Or consider Ephesians 5:17, the fundamental New Testament passage on time management. This passage speaks of time management as not being chiefly about applying correct principles to our lives but being about understanding “the will of the Lord” and doing it. Productivity is specifically about doing “the will of the Lord.” It’s about specifically orienting our lives and decisions around God’s will.

3. It’s practical

Theology ought to be the most practical thing in the world. What has more relevance to everyday life than the God who made it? In What’s Best Next, you’ll find a gospel-centered perspective on productivity that’s actually practical. This shouldn’t be noteworthy, but it is. Here are 2 things that Perman covers:

  • email. I’ve been using his system to deal with email for a few months, and have saved myself an absurd amount of time. He outlines this process in the book. If you’d like a preview you can find his blog post on it here, or get it as a pdf here.
  • weekly plans. This is one of the key ideas in the book. A whole chapter is dedicated to helping the reader figure out, “how can I plan proactively for the upcoming day/week/month so that I’m doing what I really need to do?” This is about as practical as it gets.

Get the book!

Again, I’m not getting paid to blog about this book. But I can’t recommend it to you enough. Matt Perman’s blog, which goes by the same name as the book — — has been an enormous help to me as I figure out how to organize my life and work. My guess is that

  • if you’ve got more to do than you think you can handle
  • if you find youself fogetting important things
  • if you want to be able to more projects and tasks better

then you’re going to love this book. Pre-order it on Amazon here, or you can get it WTS books here for 4$ less!

God is love. Love isn’t God.

It happens in marriage:

…when we realize we’ve married someone selfish, we discard the dream and become cynical about the possibility of love. We set ourselves up for failure by overloading love with far more than it can bear. Married love as a source of life crashes on the rocks of human depravity. … But love and relationships were never meant to be the center. Love is not god. God is love.

Paul Miller, A Loving Life, pg 38.

And it shows up in the Bible:

St John’s saying that God is love has long been balanced in my mind against the remark of a modern author (M. Denis de Rougemont) that “love ceases to be a demon only when he ceases to be a god”; which of course can be re-stated in the form “[love] begins to be a demon the moment he begins to be a god.” This balance seems to me an indispensable safeguard. If we ignore it the truth that God is love may slyly come to mean for us the converse, that love is God.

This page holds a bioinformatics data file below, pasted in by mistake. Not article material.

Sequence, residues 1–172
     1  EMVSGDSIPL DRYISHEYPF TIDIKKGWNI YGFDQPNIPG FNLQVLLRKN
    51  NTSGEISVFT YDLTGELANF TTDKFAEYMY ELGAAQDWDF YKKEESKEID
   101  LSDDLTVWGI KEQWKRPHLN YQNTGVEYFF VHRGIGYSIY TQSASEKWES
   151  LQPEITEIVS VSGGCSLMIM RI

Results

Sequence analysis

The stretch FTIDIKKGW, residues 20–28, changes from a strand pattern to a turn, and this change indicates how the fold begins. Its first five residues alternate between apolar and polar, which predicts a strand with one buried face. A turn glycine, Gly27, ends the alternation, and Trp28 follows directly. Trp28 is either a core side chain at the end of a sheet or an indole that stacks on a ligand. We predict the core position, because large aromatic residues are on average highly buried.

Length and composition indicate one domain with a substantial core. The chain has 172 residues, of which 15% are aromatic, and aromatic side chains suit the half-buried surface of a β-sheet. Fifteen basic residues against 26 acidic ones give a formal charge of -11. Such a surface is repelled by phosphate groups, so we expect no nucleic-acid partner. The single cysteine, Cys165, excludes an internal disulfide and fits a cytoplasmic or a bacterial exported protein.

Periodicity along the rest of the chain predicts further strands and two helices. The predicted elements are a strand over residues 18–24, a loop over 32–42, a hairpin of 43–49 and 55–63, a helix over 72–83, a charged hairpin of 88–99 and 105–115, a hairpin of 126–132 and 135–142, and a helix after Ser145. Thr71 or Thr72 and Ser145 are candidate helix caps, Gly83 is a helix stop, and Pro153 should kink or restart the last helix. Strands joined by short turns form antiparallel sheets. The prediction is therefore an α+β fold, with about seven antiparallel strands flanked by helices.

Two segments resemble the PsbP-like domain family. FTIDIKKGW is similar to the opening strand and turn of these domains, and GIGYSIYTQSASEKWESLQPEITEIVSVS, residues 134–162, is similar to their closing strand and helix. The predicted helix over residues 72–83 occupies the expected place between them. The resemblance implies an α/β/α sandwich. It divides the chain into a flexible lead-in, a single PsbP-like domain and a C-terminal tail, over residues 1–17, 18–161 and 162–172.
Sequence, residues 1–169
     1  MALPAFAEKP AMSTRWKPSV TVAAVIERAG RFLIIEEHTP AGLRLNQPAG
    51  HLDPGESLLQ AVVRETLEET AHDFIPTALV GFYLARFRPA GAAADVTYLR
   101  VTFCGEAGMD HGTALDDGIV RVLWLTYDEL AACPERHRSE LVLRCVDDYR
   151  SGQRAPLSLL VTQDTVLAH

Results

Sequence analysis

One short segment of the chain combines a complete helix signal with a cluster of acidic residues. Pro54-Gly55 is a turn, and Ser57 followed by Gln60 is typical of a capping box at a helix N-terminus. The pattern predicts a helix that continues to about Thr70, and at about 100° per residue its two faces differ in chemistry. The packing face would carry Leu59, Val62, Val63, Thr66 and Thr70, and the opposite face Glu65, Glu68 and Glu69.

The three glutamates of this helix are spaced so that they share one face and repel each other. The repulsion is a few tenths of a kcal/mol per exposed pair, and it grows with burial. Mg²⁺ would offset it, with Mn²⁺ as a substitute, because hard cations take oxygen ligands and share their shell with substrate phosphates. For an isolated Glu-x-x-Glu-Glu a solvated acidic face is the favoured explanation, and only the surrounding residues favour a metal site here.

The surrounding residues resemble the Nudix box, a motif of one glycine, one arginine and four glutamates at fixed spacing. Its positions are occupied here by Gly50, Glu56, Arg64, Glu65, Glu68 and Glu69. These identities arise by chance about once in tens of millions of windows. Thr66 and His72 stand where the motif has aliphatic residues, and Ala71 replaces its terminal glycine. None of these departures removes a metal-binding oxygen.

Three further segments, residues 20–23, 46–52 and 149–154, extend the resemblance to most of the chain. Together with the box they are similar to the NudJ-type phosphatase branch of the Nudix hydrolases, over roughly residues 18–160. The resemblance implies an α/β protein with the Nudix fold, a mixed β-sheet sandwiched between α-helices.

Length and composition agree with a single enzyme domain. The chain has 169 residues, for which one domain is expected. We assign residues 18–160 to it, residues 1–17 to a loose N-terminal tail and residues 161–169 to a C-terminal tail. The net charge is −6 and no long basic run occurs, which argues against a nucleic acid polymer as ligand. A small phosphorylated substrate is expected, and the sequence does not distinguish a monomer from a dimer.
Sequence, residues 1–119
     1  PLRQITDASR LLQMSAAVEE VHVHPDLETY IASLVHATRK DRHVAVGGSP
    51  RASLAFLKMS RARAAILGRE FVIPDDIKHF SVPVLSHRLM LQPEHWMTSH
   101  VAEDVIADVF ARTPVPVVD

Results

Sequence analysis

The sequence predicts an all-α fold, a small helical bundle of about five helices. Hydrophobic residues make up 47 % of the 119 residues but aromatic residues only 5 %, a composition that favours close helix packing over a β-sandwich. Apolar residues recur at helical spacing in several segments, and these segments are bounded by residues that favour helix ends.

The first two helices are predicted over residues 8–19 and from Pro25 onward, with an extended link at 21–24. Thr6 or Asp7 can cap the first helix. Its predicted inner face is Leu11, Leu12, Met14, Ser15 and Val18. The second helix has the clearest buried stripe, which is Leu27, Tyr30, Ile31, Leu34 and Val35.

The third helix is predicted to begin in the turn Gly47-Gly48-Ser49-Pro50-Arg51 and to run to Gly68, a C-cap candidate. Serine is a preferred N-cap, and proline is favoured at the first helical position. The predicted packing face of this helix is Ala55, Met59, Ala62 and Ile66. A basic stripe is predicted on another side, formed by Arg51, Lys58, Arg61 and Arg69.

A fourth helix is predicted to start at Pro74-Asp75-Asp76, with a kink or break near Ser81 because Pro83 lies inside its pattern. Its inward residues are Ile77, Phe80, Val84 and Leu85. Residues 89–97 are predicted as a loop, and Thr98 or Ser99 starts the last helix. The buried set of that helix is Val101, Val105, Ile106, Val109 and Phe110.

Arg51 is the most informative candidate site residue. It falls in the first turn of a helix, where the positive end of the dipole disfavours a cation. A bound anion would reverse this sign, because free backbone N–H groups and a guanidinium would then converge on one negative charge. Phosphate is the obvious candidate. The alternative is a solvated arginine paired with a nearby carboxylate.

C.S. Lewis, The Four Loves, pg 6-7.

A Loving Life by Paul Miller

A Loving Life - Paul Miller

My wife and I are going to begin reading this book together in the evenings. After watching Justin Taylor interview the author, I’m really excited. Here’s what two men, Scotty Smith and David Powlison, whom I deeply respect, have said about Miller’s book:

I’m not exaggerating when I say that this is the most honest, timely, and helpful book I’ve ever read about the costly and exhausting demands of loving well. And at the same time, A Loving Life is the most faithful, alluring, and encouraging presentation of God’s love for us in Jesus I’ve fed on in years. …
— Scotty Smith

“The word love is often either a vague sentiment or just another four-letter word. But in Paul Miller’s hands, the quiet, compelling reality emerges. You will witness how love is thoughtful, principled, courageous, enduring, and wise—all the things you know deep down it should be. And even more than those fine things, you will be surprised and delighted at how true love is grounded in God.”
— David Powlison

A Few Resolutions for 2014

I promised a friend I would post my new years resolutions.

Here they are:

Read and understand one C.S. Lewis book every two months

abolition_of_man_791Over Christmas break I read John Piper’s tribute to C.S. Lewis (available for free here) and thoroughly enjoyed it. The small eBook is not a “biography” in the traditional sense. It’s more concerned with C.S. Lewis’ impact on Piper’s life than with Lewis’ life itself. Nonetheless, it exposed me to a sampling of Lewis’ works and gave me the bug.

I dived right in and just finished Lewis’ small (but weighty) book, The Abolition of Man and only understood about half of it. I’m sure that trend (and the requisite multiple readings) will continue once I get to Miracles, and The Four Loves. Thus the pace: one book every two months. Slow, but steady, is the goal.